For one thing, southern California is actually huge, wide-open and flat — with endless horizons, whether of the Palm Springs or Redondo Beach variety — instead of the cramped, angular spaces you typically find in crime thrillers. And it’s got color — lots of color, from the saturated blues of the ocean and sky, to the lurid red-and-gold Fatburger signs on Pacific Coast Highway. Whoever dreamt up southern California was clearly dreaming it in 65mm Ultra Panavision Technicolor.

And contrary to popular belief, most people in southern California don’t pack guns or talk like they just stepped out of a Raymond Chandler novel, diverting as that would be. Most SoCal residents are sedate, middle-class people with just a hint of craziness to them — that quiet spark that drove them long ago to pack up and leave the East Coast/Midwest/Deep South to pursue their pot of gold right here in the Golden State.

And this brings us to It’s a Mad, Mad, Mad, Mad World.

The wonderful folks at Criterion, who are forever saving our cinematic heritage from the ravages of time and neglect, have recently outdone themselves in producing a five-disc set (two Blu-rays + three DVDs) of It’s a Mad, Mad, Mad, Mad World, all built around a pristine 4K transfer of the film and a newly restored 197-minute ‘roadshow’ version of the movie not seen in 50 years. (See a video on the restoration at the bottom of this post.)

And this new, authoritative version of director Stanley Kramer’s beloved epic comedy makes one thing abundantly clear: that It’s a Mad, Mad, Mad, Mad World is the ultimate southern California movie.

For those unfamiliar with the film, It’s a Mad, Mad, Mad, Mad World depicts a pack of otherwise unremarkable southern Californians unleashed in a frenzy of greed when they learn that a stash of $350,000 in stolen money is waiting for them, ready to be dug-up in a park at Santa Rosita Beach (in real life, Portuguese Bend in Rancho Palos Verdes). Unable to come up with an equitable way of sharing the loot, the group breaks up into separate teams, frantically racing toward their hidden treasure by land and air — comedian Jonathan Winters even rides a girl’s bicycle for a while — all while the Santa Rosita Police, led by Spencer Tracy, tracks their progress.


From "It's a Mad, Mad, Mad, Mad World."

So it’s off to the races, as airplanes smash through billboards (and even a restaurant at one point), cars roar off cliffs and bridges, an entire gas station is demolished, cast members are flung through the air by an out-of-control fire ladder, and every major speed law in southern California is broken. And although the wild conclusion of the film — a Hitchcockian visual effects extravaganza filmed in downtown Long Beach — leaves none of the avaricious group satisfied with their financial arrangement, it does leave everyone with smiles on their faces. (You’ll have to see the movie to find out what that means.)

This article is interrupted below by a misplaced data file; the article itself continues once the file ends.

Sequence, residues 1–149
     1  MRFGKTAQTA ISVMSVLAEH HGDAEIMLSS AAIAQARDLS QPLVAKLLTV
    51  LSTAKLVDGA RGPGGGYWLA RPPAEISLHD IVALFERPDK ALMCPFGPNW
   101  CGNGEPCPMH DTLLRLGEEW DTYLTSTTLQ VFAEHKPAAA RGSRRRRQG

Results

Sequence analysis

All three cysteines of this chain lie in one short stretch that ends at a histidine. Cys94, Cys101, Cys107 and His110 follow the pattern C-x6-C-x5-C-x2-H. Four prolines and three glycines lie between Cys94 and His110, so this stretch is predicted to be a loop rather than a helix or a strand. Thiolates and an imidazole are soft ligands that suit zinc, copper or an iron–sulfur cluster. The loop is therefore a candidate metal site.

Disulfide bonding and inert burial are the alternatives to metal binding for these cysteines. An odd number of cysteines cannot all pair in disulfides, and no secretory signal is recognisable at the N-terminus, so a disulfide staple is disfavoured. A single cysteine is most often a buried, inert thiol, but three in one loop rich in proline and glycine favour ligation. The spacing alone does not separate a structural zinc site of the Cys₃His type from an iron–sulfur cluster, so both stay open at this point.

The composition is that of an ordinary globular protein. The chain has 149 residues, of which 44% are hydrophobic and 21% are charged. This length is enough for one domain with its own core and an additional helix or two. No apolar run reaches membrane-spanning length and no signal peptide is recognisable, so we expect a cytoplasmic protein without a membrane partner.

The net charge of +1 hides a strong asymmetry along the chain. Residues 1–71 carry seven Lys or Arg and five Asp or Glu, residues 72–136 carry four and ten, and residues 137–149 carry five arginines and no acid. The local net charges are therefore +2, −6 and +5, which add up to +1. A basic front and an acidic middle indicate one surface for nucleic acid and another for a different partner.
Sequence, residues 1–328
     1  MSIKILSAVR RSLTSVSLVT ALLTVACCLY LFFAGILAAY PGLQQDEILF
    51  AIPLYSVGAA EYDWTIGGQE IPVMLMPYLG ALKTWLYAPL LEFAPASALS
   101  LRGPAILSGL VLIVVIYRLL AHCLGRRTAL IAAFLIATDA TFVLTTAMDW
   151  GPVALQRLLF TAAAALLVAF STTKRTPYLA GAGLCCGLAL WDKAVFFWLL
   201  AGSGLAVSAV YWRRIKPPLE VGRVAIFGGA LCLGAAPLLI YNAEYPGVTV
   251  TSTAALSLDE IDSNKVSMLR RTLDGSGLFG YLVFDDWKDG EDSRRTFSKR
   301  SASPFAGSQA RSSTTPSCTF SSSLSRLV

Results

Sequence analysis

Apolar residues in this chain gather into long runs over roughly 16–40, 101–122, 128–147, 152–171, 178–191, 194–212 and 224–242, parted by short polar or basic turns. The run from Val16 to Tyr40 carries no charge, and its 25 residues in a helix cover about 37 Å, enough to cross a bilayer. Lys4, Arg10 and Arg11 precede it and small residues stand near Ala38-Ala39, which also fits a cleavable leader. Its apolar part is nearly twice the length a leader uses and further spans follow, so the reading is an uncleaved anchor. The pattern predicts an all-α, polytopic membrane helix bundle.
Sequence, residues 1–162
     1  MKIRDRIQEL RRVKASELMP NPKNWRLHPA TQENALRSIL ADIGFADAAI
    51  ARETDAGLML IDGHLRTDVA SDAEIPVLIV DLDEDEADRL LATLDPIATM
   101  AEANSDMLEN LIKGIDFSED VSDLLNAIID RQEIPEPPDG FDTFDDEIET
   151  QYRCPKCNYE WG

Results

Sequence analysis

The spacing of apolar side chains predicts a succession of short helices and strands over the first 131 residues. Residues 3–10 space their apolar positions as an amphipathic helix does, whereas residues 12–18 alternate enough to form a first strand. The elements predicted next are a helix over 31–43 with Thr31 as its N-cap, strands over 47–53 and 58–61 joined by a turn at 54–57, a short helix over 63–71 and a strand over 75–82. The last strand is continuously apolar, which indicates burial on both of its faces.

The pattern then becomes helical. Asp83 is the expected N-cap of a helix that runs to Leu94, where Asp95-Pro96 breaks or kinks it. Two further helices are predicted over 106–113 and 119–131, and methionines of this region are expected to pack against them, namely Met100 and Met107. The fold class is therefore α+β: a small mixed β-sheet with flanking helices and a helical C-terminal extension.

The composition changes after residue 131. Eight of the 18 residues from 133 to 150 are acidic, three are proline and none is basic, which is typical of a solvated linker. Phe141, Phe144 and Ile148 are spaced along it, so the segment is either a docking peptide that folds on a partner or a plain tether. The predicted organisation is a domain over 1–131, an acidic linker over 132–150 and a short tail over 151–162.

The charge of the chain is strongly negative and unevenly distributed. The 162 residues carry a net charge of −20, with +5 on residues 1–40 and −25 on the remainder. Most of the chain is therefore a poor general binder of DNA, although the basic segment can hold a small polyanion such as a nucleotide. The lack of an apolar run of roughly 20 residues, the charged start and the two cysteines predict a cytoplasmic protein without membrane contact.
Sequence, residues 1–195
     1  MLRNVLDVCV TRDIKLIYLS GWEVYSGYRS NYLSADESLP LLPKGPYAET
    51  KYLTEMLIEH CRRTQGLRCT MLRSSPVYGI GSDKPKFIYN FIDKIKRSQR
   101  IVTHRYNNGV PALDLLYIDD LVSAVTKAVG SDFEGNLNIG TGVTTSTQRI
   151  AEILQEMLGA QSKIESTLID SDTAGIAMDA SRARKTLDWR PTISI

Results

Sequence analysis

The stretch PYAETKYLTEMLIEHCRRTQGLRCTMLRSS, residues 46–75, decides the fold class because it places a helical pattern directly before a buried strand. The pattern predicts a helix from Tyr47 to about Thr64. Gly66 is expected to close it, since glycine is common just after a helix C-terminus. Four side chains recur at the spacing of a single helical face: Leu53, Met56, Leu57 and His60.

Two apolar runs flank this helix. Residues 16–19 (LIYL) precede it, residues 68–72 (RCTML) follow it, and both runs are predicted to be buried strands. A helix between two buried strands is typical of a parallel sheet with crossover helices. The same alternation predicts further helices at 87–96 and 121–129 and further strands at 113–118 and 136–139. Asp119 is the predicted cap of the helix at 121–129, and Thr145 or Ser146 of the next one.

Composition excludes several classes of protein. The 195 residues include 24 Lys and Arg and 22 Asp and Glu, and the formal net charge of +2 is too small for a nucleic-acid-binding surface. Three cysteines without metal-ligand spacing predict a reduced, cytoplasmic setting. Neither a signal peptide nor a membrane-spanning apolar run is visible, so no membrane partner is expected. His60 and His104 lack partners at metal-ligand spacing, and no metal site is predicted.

And that’s really it. The premise of Mad, Mad World — greed — couldn’t be simpler, but it’s enough to power a non-stop, three-plus-hour chase from Yucca Valley to Santa Clarita to Malibu, all filled with dangerous stunts and comic gags performed by the greatest comedians of their time: Milton Berle, the recently passed Sid Caesar, Mickey Rooney, Jonathan Winters, Buddy Hackett, Phil Silvers, Terry-Thomas, Ethel Merman, Peter Falk and Jim Backus, just to name a few. Mad, Mad World also features spot cameos from the likes of Jimmy Durante, Jack Benny, Buster Keaton, Don Knotts, Jerry Lewis, Carl Reiner, The Three Stooges and more comedy talent than you can shake a stick at. Continue reading »

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By Joe Bendel. It was a Texas kind of night in D.C. A concert bill that featured the likes of Billy Preston, Albert Collins, Stevie Ray Vaughan, and Delbert McClinton certainly reminds us of Texas’s contributions to blues, soul, and R&B. Ostensibly, the show was part of the inaugural festivities of President George H.W. Bush, another Texan, by choice. Of course, inaugurations are really just an excuse to party, which is definitely the vibe of A Celebration of Blue & Soul: the 1989 Inaugural Concert, which airs nationally on participating PBS stations during the March 1-16 pledge drive.

Long feared lost to the ages, the multi-camera recordings of the inauguration night bash have been rediscovered and restored, with a longer DVD release planned for the future. Naturally, Bush campaign manager and former Percy Sledge sideman Lee Atwater served as the honorary chairman of the concert and the invisible hand behind the scenes bringing it all together. After his greeting, the shorter PBS version launches into Dr. John’s “Right Place, Wrong Time,” perhaps the most perfunctory performance of the evening.  Next, Atwater’s old boss Sledge gives the crowd what it wants: “When a Man Loves a Woman,” for probably the 500,000th time in his career, but he still does his thing with genuine feeling.

Obviously, the 1989 concert has been edited with an eye towards greatest hits to make it pledge drive friendly, but just about everyone brought their A-game for their signature tunes. Eddie Floyd shows the showmanship of an old pro on “Knock on Wood,” while Sam Moore lays down the authority on “Soul Man,” backed by musical director Billy Preston and Stax veterans Steve Cropper and Donald “Duck” Dunn.